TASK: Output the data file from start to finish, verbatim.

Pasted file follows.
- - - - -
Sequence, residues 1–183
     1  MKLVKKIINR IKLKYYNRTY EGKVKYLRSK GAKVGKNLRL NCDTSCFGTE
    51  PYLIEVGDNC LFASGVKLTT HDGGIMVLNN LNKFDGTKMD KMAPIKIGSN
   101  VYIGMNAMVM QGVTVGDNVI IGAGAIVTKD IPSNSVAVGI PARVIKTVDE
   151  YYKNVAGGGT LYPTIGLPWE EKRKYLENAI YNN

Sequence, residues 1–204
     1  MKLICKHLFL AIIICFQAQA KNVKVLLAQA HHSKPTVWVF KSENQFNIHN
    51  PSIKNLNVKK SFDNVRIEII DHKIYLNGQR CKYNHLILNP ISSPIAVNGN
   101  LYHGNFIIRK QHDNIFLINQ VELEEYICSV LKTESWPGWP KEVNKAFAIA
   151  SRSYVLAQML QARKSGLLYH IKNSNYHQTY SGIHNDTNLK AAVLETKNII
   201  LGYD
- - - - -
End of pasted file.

Sequence, residues 1–183
     1  MKLVKKIINR IKLKYYNRTY EGKVKYLRSK GAKVGKNLRL NCDTSCFGTE
    51  PYLIEVGDNC LFASGVKLTT HDGGIMVLNN LNKFDGTKMD KMAPIKIGSN
   101  VYIGMNAMVM QGVTVGDNVI IGAGAIVTKD IPSNSVAVGI PARVIKTVDE
   151  YYKNVAGGGT LYPTIGLPWE EKRKYLENAI YNN

Sequence, residues 1–204
     1  MKLICKHLFL AIIICFQAQA KNVKVLLAQA HHSKPTVWVF KSENQFNIHN
    51  PSIKNLNVKK SFDNVRIEII DHKIYLNGQR CKYNHLILNP ISSPIAVNGN
   101  LYHGNFIIRK QHDNIFLINQ VELEEYICSV LKTESWPGWP KEVNKAFAIA
   151  SRSYVLAQML QARKSGLLYH IKNSNYHQTY SGIHNDTNLK AAVLETKNII
   201  LGYD